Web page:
“When we own portions of outstanding businesses with outstanding managements, our favorite holding period is forever.”
— Warren Buffett
Investors can learn a lot from Warren Buffett, whose above quote teaches the importance of thinking about investment time horizon, and asking ourselves before buying any given stock: can we envision holding onto it for years — even a twenty year holding period possibly?
Suppose a “buy-and-hold” investor was considering an investment into Kimberly-Clark Corp. (NYSE: KMB) back in 2000: back then, such an investor may have been pondering this very same question. Had they answered “yes” to a full twenty year investment time horizon and then actually held for these past 20 years, here’s how that investment would have turned out.
|Average annual return:||8.71%|
The above analysis shows the twenty year investment result worked out well, with an annualized rate of return of 8.71%. This would have turned a $10K investment made 20 years ago into $53,184.78 today (as of 09/10/2020). On a total return basis, that’s a result of 432.14% (something to think about: how might KMB shares perform over the next 20 years?). [These numbers were computed with the Dividend Channel DRIP Returns Calculator.]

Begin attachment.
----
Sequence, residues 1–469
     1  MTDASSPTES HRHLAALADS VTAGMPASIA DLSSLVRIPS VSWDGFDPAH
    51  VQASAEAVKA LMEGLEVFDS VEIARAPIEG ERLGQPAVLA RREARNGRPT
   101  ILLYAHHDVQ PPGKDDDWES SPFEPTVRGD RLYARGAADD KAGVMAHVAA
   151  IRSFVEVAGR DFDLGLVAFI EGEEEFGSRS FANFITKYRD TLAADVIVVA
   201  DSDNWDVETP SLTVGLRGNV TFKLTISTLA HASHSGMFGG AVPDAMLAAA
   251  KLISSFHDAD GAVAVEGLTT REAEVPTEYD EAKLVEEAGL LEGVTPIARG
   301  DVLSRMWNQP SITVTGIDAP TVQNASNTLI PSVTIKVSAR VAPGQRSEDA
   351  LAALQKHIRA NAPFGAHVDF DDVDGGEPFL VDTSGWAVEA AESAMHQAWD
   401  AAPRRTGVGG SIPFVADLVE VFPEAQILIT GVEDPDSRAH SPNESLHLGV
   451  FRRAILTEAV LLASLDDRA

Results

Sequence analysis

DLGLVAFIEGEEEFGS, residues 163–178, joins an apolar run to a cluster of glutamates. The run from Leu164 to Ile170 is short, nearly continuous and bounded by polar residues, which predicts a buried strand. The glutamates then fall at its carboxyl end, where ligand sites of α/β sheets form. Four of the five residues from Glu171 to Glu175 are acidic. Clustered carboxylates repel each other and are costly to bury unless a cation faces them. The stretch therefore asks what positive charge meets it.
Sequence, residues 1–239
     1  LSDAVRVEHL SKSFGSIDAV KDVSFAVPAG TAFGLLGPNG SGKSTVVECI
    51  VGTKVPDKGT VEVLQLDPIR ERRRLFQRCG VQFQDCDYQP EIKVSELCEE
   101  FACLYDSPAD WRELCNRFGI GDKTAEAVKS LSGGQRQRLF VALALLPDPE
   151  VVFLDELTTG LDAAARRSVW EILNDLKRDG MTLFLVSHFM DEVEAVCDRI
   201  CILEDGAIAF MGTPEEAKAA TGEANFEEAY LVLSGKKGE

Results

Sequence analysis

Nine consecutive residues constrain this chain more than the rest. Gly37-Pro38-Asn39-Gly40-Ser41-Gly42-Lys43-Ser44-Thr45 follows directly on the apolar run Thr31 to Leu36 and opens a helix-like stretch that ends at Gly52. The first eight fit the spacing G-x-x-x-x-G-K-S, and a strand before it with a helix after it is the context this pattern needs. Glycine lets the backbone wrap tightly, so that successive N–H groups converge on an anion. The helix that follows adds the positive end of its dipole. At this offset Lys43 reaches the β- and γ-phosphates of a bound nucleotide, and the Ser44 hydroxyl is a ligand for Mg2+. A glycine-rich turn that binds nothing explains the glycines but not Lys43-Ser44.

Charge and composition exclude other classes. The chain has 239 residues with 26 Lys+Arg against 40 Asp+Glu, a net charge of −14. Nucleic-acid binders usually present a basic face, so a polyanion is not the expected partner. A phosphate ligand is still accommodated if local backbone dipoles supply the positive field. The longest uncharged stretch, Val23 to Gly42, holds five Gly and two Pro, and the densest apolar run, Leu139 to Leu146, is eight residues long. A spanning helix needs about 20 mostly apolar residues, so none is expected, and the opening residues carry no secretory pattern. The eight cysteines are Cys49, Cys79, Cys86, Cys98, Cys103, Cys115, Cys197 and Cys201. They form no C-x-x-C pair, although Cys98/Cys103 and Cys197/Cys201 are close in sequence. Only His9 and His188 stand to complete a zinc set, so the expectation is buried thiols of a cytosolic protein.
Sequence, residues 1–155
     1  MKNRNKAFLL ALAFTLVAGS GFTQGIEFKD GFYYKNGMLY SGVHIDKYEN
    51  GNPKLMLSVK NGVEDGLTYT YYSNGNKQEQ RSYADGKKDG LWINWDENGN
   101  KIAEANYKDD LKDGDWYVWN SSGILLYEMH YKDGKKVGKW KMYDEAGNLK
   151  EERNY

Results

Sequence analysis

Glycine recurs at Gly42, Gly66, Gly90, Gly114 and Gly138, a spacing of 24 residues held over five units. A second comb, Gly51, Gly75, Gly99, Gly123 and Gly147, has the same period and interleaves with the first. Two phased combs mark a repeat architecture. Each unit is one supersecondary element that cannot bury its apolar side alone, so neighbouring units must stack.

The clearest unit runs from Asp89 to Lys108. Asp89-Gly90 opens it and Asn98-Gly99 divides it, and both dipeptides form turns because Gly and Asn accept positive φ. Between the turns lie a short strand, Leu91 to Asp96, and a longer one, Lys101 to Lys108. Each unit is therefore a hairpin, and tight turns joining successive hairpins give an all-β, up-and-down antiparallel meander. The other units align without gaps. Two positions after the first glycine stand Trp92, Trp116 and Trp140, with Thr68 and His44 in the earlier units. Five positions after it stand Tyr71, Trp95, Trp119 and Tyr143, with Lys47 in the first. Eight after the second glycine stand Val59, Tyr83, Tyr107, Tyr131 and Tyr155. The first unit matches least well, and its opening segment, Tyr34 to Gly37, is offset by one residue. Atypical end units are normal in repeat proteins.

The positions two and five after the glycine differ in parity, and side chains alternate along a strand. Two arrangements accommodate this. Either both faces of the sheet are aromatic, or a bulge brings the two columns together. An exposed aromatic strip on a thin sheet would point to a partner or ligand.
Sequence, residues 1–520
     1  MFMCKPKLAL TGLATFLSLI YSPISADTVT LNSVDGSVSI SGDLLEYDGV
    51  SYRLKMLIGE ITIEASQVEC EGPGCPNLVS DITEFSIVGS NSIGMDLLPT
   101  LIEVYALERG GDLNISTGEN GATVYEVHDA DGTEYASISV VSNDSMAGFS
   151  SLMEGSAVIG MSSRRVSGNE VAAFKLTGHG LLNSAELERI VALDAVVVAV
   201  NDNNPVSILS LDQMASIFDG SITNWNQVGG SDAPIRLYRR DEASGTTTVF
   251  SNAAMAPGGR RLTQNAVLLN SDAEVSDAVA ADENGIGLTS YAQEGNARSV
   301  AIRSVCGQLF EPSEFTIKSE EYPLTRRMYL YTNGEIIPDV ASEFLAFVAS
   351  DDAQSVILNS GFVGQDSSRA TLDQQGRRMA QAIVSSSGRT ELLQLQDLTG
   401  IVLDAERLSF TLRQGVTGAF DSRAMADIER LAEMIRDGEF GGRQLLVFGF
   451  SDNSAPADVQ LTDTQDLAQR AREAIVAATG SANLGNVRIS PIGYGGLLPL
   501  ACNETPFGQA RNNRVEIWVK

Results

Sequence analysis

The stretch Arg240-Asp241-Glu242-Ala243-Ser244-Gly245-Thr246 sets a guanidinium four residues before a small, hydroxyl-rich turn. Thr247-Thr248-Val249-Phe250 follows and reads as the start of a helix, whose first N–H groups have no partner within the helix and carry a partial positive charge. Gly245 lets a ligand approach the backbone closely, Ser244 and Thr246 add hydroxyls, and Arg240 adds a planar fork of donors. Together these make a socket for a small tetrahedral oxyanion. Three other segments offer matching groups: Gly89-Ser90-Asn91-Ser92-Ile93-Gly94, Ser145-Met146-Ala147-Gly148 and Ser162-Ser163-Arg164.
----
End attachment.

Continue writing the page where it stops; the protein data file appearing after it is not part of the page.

Notice that Kimberly-Clark Corp. paid investors a total of $53.34/share in dividends over the 20 holding period, marking a second component of the total return beyond share price change alone. Much like watering a tree, reinvesting dividends can help an investment to grow over time — for the above calculations we assume dividend reinvestment (and for this exercise the closing price on ex-date is used for the reinvestment of a given dividend).
Based upon the most recent annualized dividend rate of 4.28/share, we calculate that KMB has a current yield of approximately 2.89%. Another interesting datapoint we can examine is ‘yield on cost’ — in other words, we can express the current annualized dividend of 4.28 against the original $53.21/share purchase price. This works out to a yield on cost of 5.43%.
Here’s one more great investment quote before you go:
“Based on my own personal experience, both as an investor in recent years and an expert witness in years past, rarely do more than three or four variables really count. Everything else is noise.” — Martin Whitman